Liberalization’s Last Frontier: Canada’s Food Trade

The Conference Board of Canada, 55 pages, July 31, 2013
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Liberalization’s Last Frontier examines Canada’s food trade patterns, the barriers to trading food that Canada still has in place, and the potential benefits of reducing those.

Cette publication comprend un résumé en français.

Document Highlights

The report shows how Canada stands to benefit from lower trade barriers to food and increased food trade. Trading food allows us to get access to a wide variety of food products year-round, at affordable prices, and opens new markets for Canadian food producers. Despite those benefits and the fact that Canada is one of the few countries with a large food trade surplus, we still maintain very high import tariffs on key food products. Those include commodities under supply management, beef and veal meat, wheat, and barley. This is in sharp contrast to the low tariffs found in other similar export oriented countries like Australia, New Zealand, and Chile. Lowering our trade barriers to food, particularly with key emerging markets, is the best way for Canada to capitalize and expand upon its position as a large food exporter.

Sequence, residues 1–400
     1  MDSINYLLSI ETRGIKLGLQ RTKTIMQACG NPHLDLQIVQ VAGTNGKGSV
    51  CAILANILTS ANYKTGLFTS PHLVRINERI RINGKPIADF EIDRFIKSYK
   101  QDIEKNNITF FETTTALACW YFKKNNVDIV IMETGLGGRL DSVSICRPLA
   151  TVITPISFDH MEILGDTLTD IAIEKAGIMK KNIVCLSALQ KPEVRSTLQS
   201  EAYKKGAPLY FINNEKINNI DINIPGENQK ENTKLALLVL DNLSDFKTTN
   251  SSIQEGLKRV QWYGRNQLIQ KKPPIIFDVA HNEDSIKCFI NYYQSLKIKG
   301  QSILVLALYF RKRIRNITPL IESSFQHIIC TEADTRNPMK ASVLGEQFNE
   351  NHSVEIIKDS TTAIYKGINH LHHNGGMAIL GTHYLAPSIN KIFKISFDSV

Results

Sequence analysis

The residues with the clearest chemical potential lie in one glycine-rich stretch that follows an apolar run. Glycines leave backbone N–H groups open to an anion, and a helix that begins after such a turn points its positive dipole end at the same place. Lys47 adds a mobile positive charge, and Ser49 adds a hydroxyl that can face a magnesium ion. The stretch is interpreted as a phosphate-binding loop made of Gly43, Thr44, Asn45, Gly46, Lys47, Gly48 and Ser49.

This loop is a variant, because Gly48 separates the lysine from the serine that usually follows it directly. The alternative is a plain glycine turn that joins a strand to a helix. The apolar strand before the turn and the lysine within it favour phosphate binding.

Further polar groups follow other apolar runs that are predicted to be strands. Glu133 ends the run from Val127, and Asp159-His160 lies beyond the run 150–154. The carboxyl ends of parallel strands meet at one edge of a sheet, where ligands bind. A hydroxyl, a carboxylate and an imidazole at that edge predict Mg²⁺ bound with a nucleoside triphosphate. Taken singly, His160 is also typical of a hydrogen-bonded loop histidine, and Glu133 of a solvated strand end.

Table of Contents

Executive Summary


Chapter 1—Introduction

Chapter 2—Why Trade Food?

  • Concentrating Our Efforts on What We Do Best
  • Canada’s Food Export Strength
  • Imports’ Key Role in Feeding Canadians
  • Conclusion

Chapter 3—Key Trends in Global and Canadian Food Trade

  • Lower Barriers, More Trade
  • Canada’s Changing Food Trading Partners
  • Conclusion

Chapter 4—Trade Barriers to Food

  • How Does Canada Compare on Tariff-Based Barriers?
  • Food Products Facing the Highest Tariffs in Canada
  • Are Non-Tariff Barriers Replacing Tariff Barriers?
  • Conclusion

Chapter 5—The Potential Gains From Lower Trade Barriers in the Food Sector

  • The Trans-Pacific Partnership
  • The Comprehensive Economic and Trade Agreement
  • Conclusion

Chapter 6—Implications

Appendix A—List of Abbreviations

Appendix B—Bibliography

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